Thursday, December 22, 2011

Rusty's Gifting Anti-Rules


Holiday Rules to Break

A lot of advice comes out around the holiday season about what you should or shouldn’t get some people. Some of it is sound, but a lot of it seems to take the preferences of some women and apply it to ALL women. There’s nothing that can replace knowing the woman (or girl) you’re purchasing gifts for and having clear lines of communication on what they’re interested in for Christmas. But the world is imperfect, we have to buy gifts for people we don’t see often, and sometimes these ‘rules’ seem to indicate that all the gift ideas you have are WRONG. So instead of making a list of rules that would only apply to specific women, these are my anti-rules:

1. “Don’t buy women vacuums/cooking equipment/other home appliances! It’s insulting!” - Listen, I have a KitchenAid stand mixer on my Christmas list and genuinely want to get it. Last year I got a knife set I’d wanted FOREVER and was thrilled. My mother has received a Dyson vacuum for a gift twice now and has been giddy with excitement both times. Sometimes there are women who want expensive kitchen gadget or cleaning equipment and can’t bring themselves to spend their own money or it, or are tight enough on cash that they literally can’t afford to. If a woman asks for it, she wants it, and disregarding her wants based on some list written by someone who’s never met her is more insulting than buying the damn vacuum. That said, an un-asked for vacuum? Bad move.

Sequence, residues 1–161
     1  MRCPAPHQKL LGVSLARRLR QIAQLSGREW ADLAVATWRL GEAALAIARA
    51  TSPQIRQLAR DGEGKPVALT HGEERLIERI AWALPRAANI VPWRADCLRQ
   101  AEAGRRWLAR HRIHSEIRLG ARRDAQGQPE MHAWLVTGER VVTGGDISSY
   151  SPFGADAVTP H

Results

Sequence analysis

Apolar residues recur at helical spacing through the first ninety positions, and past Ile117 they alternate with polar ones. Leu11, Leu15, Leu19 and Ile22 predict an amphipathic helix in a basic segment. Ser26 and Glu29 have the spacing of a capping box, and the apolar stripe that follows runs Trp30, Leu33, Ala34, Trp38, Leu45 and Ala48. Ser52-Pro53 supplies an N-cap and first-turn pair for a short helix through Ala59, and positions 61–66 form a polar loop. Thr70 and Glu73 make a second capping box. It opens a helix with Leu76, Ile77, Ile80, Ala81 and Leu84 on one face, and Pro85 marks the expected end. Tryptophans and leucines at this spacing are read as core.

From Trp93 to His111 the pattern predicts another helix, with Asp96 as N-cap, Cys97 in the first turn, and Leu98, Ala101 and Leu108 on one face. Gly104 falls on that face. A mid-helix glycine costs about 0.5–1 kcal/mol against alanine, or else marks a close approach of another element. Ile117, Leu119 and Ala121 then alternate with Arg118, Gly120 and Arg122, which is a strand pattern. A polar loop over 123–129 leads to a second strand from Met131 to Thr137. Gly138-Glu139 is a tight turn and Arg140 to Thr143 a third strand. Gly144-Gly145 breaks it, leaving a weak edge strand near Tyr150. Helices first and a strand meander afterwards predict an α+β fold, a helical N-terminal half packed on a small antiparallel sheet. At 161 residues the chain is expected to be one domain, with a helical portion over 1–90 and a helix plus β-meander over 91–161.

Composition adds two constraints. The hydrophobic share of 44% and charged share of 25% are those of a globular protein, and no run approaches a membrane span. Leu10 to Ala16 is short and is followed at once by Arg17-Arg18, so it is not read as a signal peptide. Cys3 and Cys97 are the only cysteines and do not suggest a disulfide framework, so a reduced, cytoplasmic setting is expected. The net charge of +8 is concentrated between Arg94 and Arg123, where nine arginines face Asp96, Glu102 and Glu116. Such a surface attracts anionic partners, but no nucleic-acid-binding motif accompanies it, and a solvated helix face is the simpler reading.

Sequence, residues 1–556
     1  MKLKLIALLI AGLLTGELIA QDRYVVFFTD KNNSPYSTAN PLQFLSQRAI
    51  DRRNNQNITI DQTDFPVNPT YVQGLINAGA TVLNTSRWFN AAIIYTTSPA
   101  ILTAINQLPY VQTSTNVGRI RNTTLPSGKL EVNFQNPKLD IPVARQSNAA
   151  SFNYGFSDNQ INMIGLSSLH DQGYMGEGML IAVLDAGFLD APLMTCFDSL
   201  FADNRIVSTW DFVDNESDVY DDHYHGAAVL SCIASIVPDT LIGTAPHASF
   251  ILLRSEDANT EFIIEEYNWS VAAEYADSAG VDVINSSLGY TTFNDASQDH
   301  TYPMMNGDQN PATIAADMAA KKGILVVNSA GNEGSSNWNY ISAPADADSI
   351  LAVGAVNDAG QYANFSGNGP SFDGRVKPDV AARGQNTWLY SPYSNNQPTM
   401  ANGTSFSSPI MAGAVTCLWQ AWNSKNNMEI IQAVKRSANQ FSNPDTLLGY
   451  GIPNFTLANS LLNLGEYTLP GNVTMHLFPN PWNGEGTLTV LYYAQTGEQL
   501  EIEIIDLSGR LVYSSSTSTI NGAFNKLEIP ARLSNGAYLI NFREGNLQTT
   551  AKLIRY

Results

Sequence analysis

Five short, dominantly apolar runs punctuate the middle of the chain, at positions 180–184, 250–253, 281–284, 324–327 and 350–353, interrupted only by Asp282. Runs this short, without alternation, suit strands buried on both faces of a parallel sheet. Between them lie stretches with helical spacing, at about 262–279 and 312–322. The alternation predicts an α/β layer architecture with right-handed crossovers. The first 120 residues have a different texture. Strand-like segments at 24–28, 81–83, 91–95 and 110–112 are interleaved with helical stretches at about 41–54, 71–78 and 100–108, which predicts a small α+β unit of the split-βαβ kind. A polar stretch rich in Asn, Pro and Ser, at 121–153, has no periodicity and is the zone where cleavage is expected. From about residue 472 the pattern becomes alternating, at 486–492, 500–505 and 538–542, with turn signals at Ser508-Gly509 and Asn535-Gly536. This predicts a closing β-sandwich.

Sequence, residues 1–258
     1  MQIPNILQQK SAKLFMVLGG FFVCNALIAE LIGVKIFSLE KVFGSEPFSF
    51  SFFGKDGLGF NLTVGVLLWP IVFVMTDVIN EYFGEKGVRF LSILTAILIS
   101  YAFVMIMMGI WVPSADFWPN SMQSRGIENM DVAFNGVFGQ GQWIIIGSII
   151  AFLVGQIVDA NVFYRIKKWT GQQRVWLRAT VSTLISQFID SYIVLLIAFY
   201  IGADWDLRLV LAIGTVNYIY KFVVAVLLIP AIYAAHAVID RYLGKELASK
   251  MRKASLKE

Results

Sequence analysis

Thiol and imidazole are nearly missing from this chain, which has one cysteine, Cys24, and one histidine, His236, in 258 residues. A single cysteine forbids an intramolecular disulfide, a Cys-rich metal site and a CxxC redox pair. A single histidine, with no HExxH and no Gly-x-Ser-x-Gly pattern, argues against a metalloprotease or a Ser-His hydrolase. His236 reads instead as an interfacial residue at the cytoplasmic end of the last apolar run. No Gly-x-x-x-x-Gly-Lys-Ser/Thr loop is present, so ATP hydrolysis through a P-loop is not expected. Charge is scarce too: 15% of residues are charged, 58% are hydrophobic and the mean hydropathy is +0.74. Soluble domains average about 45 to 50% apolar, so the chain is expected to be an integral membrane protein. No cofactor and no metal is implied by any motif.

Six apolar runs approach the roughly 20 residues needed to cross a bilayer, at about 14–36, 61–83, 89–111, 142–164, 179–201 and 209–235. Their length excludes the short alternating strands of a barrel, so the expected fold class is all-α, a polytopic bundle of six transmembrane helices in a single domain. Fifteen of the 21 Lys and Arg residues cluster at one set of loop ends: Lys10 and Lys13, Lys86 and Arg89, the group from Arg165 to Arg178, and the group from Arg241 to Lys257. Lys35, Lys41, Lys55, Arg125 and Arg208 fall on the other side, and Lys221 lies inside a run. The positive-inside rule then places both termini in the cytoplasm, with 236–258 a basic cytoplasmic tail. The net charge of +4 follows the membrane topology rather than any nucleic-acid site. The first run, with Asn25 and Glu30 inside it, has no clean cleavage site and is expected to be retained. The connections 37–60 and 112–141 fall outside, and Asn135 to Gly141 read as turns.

2. Useless kitsch - Have you reached the point in you holiday shopping where you find yourself in front of a display of crystal statuettes thinking “Huh, maybe (random woman) in my life would like one of these?” If so, step away from the mall and regroup with a coffee or a beer, depending on the time of day. Unless the woman has an ongoing collection of twee statuettes or plaques featuring inspirational sayings already, she’s not likely to appreciate getting one out of the blue. It’s another thing to dust, you know?

3. Sometimes gift cards are appreciated. - I know it’s supposed to be the height of tacky to buy someone you’re close to a gift card, but honestly? Given the choice between one of the above statuettes and a gift card I’d be far happier with the gift card. Most women will make their feelings on gift cards known if you ask (you can phrase it as asking about what to get a mutual friend or a relative) and be sure it’s to some place she’s already a fan of. It’s a sort of gift of last resort, so get a sweet card to go with it. Just make sure that where you’re getting the gift card for and the amount of the gift card match. $40 gift card to Target? Awesome! $40 gift card to Coach? Significantly less than awesome.

4. Electronics that weren’t asked for. - I’m pretty picky about my tech gear, and if someone got me a tablet, phone, or computer without getting some pretty insane specifications that would tip me off to exactly what they were doing beforehand I guarantee they’d get it wrong. And getting a $30 gift you don’t love is just life, but getting a $400+ gift you don’t love is awful. It’s no fun for the giver either, as you get to watch the recipient’s face fall as she opens an incredibly expensive present that you were sure she’d love. Unless you got it because you wanted it and don’t intend her to use it so you can play with it all the time. For the record, that’s a dick move also.